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Point to Point Connection with remote site.

Hello Experts:

I have a remote site that is using a DSL line and we here at the corporate office have a 3 meg t-1 line.  I need to funnel all the internet traffic from the remote site into the corporate site so they can be monitored while using the internet.  What do I need (hardware)  to set up a point-to-point connection so that their traffic is routed to us?  For the corporate office, I am looking to replace my SG-5 juniper router with a Palo Alto Firewall.

Thanks
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huntersp3
Asked:
huntersp3
3 Solutions
 
Matt VCommented:
You just need a small branch office router at the other end and setup an IPSec VPN tunnel back to home office.  Make the branch router use the main office as it's default route.
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SysExpertCommented:
Well your Juniper could handle this by adding a small netscreen ( NS 5 GT 20x or similar ) at the remote with a VPN tunnel to the office for all Internet traffic.

May also work with any router that can handle a VPN tunnel ( most can )

I hope this helps !
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agaskill707Commented:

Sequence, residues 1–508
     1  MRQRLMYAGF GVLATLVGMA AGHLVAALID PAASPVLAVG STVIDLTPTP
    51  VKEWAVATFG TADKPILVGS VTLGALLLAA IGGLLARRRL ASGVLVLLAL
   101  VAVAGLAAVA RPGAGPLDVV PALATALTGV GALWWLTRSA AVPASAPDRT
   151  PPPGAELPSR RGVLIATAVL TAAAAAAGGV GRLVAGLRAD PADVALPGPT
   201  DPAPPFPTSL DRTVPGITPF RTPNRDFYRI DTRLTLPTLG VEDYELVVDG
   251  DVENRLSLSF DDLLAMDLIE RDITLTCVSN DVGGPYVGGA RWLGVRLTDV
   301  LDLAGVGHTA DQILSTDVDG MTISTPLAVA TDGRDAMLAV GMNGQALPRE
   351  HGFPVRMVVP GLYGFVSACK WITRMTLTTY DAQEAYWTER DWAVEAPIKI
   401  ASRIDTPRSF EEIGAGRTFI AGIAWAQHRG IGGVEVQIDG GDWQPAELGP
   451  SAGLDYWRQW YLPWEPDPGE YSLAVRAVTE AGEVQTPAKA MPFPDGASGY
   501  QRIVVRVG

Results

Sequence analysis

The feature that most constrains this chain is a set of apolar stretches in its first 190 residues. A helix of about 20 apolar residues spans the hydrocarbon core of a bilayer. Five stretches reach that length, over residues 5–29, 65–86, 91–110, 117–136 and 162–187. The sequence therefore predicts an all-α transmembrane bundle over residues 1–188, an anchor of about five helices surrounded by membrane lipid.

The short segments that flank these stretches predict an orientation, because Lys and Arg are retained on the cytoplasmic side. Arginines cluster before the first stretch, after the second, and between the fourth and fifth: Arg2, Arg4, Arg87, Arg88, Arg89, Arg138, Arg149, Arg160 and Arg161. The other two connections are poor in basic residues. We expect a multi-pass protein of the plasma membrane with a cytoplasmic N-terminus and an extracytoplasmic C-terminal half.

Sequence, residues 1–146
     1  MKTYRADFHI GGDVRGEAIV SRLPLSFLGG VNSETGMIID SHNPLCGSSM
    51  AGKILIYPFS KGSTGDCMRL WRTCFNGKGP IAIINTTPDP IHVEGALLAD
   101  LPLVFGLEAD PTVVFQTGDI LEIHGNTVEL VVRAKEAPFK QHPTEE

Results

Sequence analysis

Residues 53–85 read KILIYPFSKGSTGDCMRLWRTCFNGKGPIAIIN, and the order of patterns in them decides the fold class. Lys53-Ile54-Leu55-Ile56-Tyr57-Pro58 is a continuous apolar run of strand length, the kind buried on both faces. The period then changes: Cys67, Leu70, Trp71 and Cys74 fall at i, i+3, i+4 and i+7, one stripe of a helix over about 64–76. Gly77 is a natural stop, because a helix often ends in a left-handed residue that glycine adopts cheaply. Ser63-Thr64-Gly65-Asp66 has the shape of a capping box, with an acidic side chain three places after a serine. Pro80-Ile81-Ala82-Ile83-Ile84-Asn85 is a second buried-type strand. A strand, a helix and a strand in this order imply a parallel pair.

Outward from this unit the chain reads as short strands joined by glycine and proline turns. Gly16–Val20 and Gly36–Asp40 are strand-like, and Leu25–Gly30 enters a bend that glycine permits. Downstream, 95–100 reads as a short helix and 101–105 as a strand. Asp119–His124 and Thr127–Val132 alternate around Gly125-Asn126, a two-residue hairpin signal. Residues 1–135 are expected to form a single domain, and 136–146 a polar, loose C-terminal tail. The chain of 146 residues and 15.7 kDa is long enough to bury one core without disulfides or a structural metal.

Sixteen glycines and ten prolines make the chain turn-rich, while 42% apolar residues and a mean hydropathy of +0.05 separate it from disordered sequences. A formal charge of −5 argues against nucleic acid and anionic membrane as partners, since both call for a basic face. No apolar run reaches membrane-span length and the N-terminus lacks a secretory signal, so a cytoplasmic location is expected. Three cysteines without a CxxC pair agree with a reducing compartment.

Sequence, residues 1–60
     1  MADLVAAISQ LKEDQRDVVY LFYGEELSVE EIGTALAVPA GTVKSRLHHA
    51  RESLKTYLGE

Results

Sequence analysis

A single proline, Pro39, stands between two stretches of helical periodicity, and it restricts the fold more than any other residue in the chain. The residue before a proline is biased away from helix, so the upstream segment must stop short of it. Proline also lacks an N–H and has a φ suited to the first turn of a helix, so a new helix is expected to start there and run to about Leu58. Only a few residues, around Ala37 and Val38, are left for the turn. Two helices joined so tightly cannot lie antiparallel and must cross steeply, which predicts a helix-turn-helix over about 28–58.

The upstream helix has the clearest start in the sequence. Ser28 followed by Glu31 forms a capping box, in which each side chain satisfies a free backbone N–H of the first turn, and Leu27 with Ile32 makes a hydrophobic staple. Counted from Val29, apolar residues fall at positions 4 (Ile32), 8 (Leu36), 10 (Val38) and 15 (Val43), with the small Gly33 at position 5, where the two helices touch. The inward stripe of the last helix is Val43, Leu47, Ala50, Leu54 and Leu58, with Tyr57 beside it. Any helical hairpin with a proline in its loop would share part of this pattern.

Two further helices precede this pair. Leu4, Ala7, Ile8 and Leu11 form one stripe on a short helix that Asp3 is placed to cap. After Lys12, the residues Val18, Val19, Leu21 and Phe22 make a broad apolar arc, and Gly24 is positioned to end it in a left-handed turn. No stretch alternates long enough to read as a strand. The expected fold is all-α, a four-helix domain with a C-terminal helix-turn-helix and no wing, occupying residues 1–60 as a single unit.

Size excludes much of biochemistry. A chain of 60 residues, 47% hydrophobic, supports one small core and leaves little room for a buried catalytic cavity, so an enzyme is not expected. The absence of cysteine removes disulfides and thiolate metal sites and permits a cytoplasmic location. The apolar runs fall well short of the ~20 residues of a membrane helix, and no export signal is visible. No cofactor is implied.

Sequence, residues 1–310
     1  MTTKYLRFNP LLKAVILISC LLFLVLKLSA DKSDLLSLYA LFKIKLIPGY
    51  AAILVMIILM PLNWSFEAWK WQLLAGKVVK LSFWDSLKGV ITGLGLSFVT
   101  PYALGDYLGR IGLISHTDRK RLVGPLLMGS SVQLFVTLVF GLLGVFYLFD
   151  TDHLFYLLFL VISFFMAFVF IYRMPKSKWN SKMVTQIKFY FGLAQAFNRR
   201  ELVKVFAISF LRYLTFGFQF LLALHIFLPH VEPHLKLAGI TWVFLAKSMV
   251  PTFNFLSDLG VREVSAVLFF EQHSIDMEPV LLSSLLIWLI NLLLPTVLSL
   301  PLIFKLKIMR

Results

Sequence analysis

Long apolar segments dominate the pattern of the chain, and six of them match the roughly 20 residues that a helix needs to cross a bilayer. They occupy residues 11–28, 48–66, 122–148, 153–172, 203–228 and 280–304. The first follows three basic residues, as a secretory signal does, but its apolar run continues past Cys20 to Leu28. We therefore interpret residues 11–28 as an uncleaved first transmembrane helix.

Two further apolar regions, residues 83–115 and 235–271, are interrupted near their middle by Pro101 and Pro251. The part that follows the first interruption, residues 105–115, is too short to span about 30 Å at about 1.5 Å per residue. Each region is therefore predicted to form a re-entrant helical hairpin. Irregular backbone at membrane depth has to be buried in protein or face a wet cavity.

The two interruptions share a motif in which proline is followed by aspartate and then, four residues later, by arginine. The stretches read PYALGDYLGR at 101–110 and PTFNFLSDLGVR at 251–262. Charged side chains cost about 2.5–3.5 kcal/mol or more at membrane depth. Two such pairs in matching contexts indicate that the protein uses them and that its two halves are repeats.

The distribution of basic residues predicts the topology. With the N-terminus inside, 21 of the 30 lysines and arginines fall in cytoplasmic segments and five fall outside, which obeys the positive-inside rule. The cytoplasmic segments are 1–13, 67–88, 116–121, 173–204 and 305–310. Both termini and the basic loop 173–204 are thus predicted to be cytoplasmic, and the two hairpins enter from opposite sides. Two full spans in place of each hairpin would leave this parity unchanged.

Any firewall that can do IPSec should do fine.  You can set up an IPSec tunnel where the far end of the tunnel (as the remote side sees it, to the corporate side it would be the near end) is the default network (0.0.0.0/0), which will make all internet traffic come through the IPSec tunnel to the corporate office and then go out the connection there.  Different firewalls might have their own nomenclature for such a tunnel configuration, but fundamentally that's what it is.  Two things to be aware of: 1) Internet access from the remote office will be using double the bandwidth at the corporate office, once to come in from the internet and once to go out to the remote site.  Of course T1s are full duplex, so they can potentially download at 3Mbit, it's just that it will be saturating both inbound and outbound bandwidth at corporate.  2) Some firewalls need special configuration instructions to allow VPN traffic coming in the external interface to be routed back out that same external interface.  In Cisco it's "same-security-traffic permit intra-interface" (or "inter-interface", depending on the setup).  I don't know about the Palo Alto firewall, it might not need any special configuration.
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